That’s the fun of having multiple children on the autism spectrum. Some are ultra-sensitive to their surroundings while others are completely oblivious. That usually leaves Katie and me with the unenviable task of trying to mediate between the two factions. It’s not always easy, as the two most averse to noise and other sensory excitement also tend to be the most emotional ones. So they respond with a level of anger and frustration that far outstrips the gravity of the situation—that is, the gravity that we perceive. For them, their younger brother’s acrobatics are thoughtless, careless assaults on their frayed nerves. But for him, being hyperactive is his default position.

And so begins the Domino Effect. Child Number Six’s hyperactivity sets off Child Number Four’s aversion to the unexpected, then Child Number Four begins yelling at Child Number Six, which sets off Child Number One’s aversion to noise, which causes Child Number Two to cover her ears and yell louder, which causes Parental Unit Number One to try to calm down Child Number Six, which only causes Child Number Six to increase his jumping, which . . . well, you get the idea.

A Wild Rumpus.

I wish there were some way to solve this, but for the moment I’m baffled. We could, I suppose, have dinner in shifts, with two kids at the table at a time. But that can eat up a lot of time. Plus, how will they ever learn if we don’t help them work through this stuff? So we’re left trying our best to keep the little jumping bean from pushing too many buttons while also trying to help the older ones practice self-calming and emotional regulation.

Of course, some days are better than others. There are those times when the Little Guy is more subdued, or the older ones are more forgiving. But then there are the times when all Katie and I can do is raise our wine glasses to each other and smile wearily as the wild rumpus unfolds.

And then there are the worst days: when we unthinkingly rush into the fray and end up fanning the flames instead of extinguishing them. That never ends well. We’re getting better at checking ourselves, but there are times when you just can’t help it—or when safety concerns demand a forceful intervention.

Welcome to the Vortex.

This, I think, is one of the hardest things for ASD parents—keeping calm in the midst of a swirling vortex of emotional outbursts. We love our kids so much that we hate to see them upset. But the one causing the upset is another one of our kids, whom we love just as much and who we know has a hard time sitting still. So we’re torn. Plus, as parents, we want to see our kids get along, or at least be civil to each other. That’s kind of hard when they all see each other as threats to their well-being.

So we try the best we can, dreaming of that magical day when all eight of us will remain at the same dinner table for longer than our average of five minutes. Seriously. It’s not uncommon for them to run out of the kitchen not long after dinner has started. Either they’re giddily chasing each other or they’re desperately trying to get away from the noise or they’re taking advantage of the chaos to sneak back to their video games.

Collateral Blessings.

As challenging and dispiriting as this can be, the Domino Effect does have one positive side effect. After the peeling-off, there’s usually one kid still hanging out at the table, and it’s quite common for a conversation to develop. It’s not much, and it’s not long, but it’s real contact. And in a big family like ours, those moments are important.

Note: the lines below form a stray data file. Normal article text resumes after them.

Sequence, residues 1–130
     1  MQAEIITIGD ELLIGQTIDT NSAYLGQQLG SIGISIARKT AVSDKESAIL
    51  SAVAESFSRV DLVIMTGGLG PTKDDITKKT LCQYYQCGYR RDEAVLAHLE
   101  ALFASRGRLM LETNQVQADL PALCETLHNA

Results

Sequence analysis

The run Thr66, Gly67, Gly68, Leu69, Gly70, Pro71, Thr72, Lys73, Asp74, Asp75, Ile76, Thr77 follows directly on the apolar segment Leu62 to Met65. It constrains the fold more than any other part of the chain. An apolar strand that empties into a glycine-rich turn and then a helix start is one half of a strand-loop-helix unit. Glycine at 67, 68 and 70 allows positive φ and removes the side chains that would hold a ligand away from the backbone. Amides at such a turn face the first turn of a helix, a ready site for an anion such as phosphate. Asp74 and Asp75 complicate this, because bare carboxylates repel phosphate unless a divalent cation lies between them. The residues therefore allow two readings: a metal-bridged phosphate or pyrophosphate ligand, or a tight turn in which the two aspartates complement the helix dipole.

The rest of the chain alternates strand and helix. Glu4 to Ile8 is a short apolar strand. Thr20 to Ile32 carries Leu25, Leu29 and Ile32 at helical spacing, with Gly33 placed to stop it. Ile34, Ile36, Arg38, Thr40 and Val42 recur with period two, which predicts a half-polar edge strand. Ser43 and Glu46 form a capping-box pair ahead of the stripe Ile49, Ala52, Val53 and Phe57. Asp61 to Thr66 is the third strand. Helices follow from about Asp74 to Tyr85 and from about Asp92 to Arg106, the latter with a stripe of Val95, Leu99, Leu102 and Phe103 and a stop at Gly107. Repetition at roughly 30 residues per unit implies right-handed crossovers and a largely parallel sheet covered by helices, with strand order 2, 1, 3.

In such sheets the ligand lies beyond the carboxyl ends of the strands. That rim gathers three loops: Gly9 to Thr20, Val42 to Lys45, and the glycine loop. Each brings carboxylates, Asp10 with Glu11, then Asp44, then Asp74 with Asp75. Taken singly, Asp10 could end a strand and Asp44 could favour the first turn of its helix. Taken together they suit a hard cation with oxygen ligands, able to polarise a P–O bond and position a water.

It never ceases to surprise me the kinds of topics that come up in these impromptu encounters. From our oldest girl’s questions about two girls in her class who seem a little too affectionate with each other (this is 8th grade) to our nine-year-old telling us about the math teacher who yells at his students, we learn a lot, and we can share a little. Sometimes we laugh together, other times we offer advice, and other times we commiserate. But we always try to listen.

As I said, it’s not a lot. But it’s something, and it’s precious. Even our most sensitive kids are able to hang around for a short time—even if there’s full-on chaos in the next room. When they know they have both their parents’ attention, the other stuff recedes into the background. They know we’re listening. They know we’re on their side. They know we love them. And love always wins.

So keep on jumping and stretching and dancing, Little Guy. You have no idea how much good you’re doing!

Words I Wish I Never Heard: Comorbidity

When a parent receives the news that his or her child has an autism spectrum disorder, only one word sticks in the brain: autism. It’s a scary word, filled with mystery and foreboding, and it takes a while for parents to wrap their brains around what it means for their child.

But over time, the parents do get used to the word and the various ways it is used—autism, autistic, autism spectrum, ASD, etc. They also get used to the way their child manifests the various social, language, and emotional symptoms that are part of the autism spectrum. More or less, they begin to make peace with the diagnosis. They learn how to reorder their lives to accommodate their child’s special needs, and they do everything they can to help their child grow and thrive. They grieve the loss of what might have been, and begin to look forward to what will be—with all of its highs and lows.

That’s all well and good. But over time, other words begin showing up and demand entry into their vocabulary. Words that bring with them a host of new challenges, fears, and road blocks. Words like stimming and perseveration become part of the parents’ everyday conversation. They are part of the universe of autism spectrum disorders, and every child touched with ASD manifests these behaviors in one way or another.